Reference List

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Arnold C. 2010, s.v. Modernismo, in Prosperi 2010a, II: 1056-1057.

Arnold J. H. 2010a, s.v. Storiografia: Inquisizione medievale, in Prosperi 2010a, III: 1490-1491.

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Barbierato F. 2010, s.v. Venezia, in Prosperi 2010a, III: 1657-1660.

Beretta F. 2010, s.v. Galilei, Galileo, in Prosperi 2010a, II: 636-640.

Bethencourt F. 1994, História das Inquisições: Portugal, Espanha, Itália, Lisboa: Círculo de Leitores.

Biagioli I. 2010, s.v. Tyrrell, George, in Prosperi 2010a, II: 1603-1604.

Botti A. 2010, s.v. Darwin, Charles R., e darwinismo, in Prosperi 2010a, I: 446-449.

Bottoni E. 2010, s.v. Roveri, Lucia, in Prosperi 2010a, III: 1349.

Buonasorte N. 2010, s.v. Lefebvrismo, in Prosperi 2010a, II: 877-878.

Burkardt A. 2010, s.v. Voltaire (François Marie Arouet), in Prosperi 2010a, III: 1703-1705.

Burkardt A.-Schwerhoff G. 2010, s.v. Germania, in Prosperi 2010a, II: 655-662.

Caliò T. 2010, s.v. Kiev, omicidio rituale di, in Prosperi 2010a, II: 863-864.

Cavarzere M. 2010, s.v. Verona, in Prosperi 2010a, III: 1668.

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Cerrón Puga M.L. 2010, s.v. Petrarca, Francesco, e petrarchismo, in Prosperi 2010a, III: 1197-1205.

Ciappetta L. 2010, s.v. Paesi Baschi, caccia alle streghe nei, in Prosperi 2010a, III: 1155-1157.

Civale G. 2010, s.v. Inquisizione del Mare, in Prosperi 2010a, II: 808-809.

Costa G. 2010, s.v. Locke, John, in Prosperi 2010a, II: 930-931.

Dall’Aglio S. 2010, s.v. Savonarola, Girolamo, in Prosperi 2010a, III: 1386-1387.

Dedieu J.-P. 2010, s.v. Conversos, Spagna, in Prosperi 2010a, I: 406-408.

Delpiano P. 2010, s.v. Rousseau, Jean-Jacques, in Prosperi 2010a, III: 1347-1349.

D’Errico G. L. 2010, s.v. Sangue, in Prosperi 2010a, III: 1364-1365.

Dinzelbacher P. 2010, s.v. Stregoneria, età medievale, in Prosperi 2010a, III: 1517-1521.

Di Simplicio O. 2010a, s.v. Negromanzia, in Prosperi 2010a, II: 1111-1112.

- 2010b, s.v. Patto con il demonio, in Prosperi 2010a, III: 1177.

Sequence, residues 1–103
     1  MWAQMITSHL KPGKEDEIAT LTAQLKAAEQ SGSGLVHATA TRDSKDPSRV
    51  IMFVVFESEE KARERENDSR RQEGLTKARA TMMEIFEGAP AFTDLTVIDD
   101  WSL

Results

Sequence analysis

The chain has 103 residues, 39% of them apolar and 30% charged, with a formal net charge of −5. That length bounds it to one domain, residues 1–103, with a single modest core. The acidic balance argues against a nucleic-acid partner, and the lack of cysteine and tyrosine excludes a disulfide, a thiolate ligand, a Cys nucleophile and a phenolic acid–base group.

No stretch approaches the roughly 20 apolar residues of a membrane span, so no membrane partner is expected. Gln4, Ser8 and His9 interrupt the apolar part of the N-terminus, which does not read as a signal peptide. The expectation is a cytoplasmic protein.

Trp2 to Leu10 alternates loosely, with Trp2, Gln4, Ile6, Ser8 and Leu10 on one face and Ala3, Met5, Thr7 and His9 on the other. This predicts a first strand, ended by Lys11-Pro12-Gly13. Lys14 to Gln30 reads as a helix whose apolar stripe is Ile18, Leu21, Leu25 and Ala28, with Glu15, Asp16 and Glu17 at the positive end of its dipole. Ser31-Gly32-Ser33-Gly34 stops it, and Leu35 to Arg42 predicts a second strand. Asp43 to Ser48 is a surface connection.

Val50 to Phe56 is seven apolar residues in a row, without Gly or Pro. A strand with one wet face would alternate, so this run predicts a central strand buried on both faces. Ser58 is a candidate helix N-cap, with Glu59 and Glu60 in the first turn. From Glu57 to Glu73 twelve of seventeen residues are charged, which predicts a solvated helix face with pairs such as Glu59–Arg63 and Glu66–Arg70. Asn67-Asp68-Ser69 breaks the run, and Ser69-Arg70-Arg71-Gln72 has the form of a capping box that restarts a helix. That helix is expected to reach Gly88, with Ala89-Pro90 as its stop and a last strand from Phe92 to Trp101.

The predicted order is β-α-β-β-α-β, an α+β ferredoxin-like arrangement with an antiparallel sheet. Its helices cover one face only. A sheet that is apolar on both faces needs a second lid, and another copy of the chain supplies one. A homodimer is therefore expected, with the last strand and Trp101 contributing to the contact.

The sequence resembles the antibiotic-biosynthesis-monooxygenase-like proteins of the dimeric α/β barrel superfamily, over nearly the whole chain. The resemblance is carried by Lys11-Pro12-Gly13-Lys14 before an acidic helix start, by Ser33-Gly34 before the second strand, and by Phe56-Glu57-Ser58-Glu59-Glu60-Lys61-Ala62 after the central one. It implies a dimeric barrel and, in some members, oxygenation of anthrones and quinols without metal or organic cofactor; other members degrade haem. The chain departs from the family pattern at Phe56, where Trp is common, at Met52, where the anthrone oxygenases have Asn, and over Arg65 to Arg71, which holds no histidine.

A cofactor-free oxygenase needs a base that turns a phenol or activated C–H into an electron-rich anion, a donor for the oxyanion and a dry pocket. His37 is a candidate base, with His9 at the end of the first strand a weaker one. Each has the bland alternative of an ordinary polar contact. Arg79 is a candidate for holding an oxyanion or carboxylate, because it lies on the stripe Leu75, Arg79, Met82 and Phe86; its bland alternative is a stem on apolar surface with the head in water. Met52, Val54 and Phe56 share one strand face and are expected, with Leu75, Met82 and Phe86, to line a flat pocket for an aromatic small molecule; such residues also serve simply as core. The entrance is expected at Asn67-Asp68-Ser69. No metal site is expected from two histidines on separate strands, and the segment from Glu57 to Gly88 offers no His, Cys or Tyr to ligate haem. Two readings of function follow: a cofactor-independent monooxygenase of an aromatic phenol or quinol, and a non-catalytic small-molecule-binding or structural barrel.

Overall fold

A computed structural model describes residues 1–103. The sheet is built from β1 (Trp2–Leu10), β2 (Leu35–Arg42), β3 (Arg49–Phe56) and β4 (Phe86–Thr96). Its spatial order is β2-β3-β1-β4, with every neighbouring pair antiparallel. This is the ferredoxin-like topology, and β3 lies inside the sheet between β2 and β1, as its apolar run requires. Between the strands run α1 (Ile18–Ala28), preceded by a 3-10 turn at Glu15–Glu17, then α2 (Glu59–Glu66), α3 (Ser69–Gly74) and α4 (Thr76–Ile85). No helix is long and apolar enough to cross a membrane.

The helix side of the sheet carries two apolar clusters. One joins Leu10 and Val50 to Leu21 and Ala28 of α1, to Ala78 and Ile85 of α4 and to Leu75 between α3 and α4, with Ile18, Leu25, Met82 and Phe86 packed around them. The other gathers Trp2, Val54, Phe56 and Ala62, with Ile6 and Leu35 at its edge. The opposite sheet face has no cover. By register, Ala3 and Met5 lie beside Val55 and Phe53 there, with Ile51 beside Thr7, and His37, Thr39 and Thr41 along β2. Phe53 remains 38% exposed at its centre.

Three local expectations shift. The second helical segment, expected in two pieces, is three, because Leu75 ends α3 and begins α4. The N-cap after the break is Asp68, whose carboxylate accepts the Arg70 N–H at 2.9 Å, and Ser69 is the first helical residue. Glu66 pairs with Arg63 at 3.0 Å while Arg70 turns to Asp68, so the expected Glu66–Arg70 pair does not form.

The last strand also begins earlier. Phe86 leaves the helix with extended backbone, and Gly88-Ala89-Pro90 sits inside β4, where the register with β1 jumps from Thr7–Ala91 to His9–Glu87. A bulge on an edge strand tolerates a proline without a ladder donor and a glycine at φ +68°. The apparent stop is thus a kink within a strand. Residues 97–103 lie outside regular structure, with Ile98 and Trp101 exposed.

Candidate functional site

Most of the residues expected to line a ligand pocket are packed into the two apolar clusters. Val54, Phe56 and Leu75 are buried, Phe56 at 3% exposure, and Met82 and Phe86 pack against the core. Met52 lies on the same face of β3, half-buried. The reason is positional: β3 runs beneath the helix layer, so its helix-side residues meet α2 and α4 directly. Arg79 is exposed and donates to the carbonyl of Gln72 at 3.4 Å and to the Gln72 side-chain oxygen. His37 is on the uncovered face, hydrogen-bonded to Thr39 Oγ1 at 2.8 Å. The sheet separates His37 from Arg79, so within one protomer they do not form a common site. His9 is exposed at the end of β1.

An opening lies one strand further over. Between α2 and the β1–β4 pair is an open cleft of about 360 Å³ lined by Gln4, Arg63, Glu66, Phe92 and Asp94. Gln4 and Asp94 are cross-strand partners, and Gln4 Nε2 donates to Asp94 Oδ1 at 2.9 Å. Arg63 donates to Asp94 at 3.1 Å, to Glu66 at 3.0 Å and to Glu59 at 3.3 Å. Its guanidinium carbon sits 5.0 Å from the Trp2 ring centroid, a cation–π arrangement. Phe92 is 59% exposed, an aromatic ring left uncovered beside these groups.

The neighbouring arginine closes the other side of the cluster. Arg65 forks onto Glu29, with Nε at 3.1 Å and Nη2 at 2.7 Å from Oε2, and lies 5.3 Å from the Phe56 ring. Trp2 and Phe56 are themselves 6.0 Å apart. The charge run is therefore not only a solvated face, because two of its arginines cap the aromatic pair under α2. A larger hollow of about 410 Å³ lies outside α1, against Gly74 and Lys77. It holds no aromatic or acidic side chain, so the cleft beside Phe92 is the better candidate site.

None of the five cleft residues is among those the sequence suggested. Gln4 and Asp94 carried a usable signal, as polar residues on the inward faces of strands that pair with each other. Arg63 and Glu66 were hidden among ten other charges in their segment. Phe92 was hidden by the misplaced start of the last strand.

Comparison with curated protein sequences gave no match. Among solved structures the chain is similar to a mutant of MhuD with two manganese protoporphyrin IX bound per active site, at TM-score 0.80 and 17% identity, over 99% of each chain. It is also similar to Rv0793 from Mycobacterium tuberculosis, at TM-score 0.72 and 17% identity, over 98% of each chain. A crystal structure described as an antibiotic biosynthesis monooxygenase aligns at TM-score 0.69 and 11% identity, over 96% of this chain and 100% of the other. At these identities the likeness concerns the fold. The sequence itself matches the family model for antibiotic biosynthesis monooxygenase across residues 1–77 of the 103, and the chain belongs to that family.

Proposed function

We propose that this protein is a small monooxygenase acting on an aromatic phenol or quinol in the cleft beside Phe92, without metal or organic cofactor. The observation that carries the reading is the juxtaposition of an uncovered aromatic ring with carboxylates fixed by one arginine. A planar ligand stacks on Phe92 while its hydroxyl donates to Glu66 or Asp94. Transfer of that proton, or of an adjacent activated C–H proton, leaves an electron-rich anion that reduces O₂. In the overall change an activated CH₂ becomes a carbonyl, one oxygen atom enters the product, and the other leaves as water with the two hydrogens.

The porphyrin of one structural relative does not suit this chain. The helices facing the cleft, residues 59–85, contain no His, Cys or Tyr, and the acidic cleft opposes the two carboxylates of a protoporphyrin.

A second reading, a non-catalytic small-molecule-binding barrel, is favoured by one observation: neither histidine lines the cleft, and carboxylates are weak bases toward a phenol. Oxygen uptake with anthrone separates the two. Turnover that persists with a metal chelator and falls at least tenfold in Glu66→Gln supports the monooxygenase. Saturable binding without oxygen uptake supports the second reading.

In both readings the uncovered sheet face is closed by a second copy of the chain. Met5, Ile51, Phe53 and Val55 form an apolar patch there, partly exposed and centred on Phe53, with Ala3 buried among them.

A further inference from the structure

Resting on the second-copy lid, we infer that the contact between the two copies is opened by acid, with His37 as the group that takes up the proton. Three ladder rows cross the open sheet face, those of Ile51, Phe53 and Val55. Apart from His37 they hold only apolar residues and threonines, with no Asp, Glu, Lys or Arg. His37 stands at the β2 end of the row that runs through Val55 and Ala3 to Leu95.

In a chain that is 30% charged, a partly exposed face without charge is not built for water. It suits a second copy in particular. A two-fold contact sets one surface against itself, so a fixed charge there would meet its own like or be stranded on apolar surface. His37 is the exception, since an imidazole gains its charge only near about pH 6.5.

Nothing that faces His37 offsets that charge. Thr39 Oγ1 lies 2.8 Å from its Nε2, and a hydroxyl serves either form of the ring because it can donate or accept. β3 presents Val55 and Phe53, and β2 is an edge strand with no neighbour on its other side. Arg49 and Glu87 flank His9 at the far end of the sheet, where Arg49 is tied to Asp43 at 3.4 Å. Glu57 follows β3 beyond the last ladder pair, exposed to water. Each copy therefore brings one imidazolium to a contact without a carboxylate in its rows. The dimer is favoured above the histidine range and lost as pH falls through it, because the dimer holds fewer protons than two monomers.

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Feitler B. 2010, s.v. Brasile, in Prosperi 2010a, I: 220-223.

Fernández Terricabras I. 2010, s.v. Lérida, in Prosperi 2010a, II: 885-886.

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Lambertini R. 2010, s.v. Francescani, età medievale, in Prosperi 2010a, II: 616-618.

Laurenza D. 2010, s.v. Leonardo da Vinci, in Prosperi 2010a, II: 884-885.

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Ricci S. 2010, s.v. Montaigne, Michel Eyquem de, in Prosperi 2010a, II: 1067-1070.

Santos Z. 2010, s.v. Luna, Beatriz de, in Prosperi 2010a, II: 944.

Scaramella P. 2010, s.v. Sodomia, in Prosperi 2010a, III: 1445-1450.

Schutte A. Jacobson 2010, s.v. Janis, Maria, in Prosperi 2010a, II: 857-858.

Seidel Menchi S. 2010, s.v. Erasmo da Rotterdam, in Prosperi 2010a, II: 544-546.

Simonutti L. 2010, s.v. Tolleranza, dibattito sulla, in Prosperi 2010a, III: 1579-1584.

Stow K. 2010, s.v. Ghetto, in Prosperi 2010a, II: 677-680.

Stuczynski C. B. 2010, s.v. Marranesimo, in Prosperi 2010a, II: 989-997.

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Totaro P. 2010, s.v. Spinoza, Baruch, in Prosperi 2010a, III: 1472-1473.

Turbanti G. 2010, s.v. Blondel, Maurice, in Prosperi 2010a, I: 202-203.

Unterburger K. 2010, s.v. Kant, Immanuel, in Prosperi 2010a, II: 863.

Valente M. 2010, s.v. Servet, Miguel, in Prosperi 2010a, III: 1415-1416.

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Veronese A. 2010, s.v. Templari, in Prosperi 2010a, III: 1566-1568.

Vismara P. 2010, s.v. Pellegrinaggi, in Prosperi 2010a, III: 1180.

Wolf H. 2010, s.v. Nazismo, in Prosperi 2010a, III: 1108-1109.


[1] See, most recently (and published too late to be included in the bibliographical section of the Dizionario), Rawlings 2006 and the bibliographical essay by Lynn 2007.

[2] See the recent article by Marcocci 2010a.

[3] In Portugal [Marcocci 2010b], Italy [Pavone 2010], and Spain [Pastore 2010b].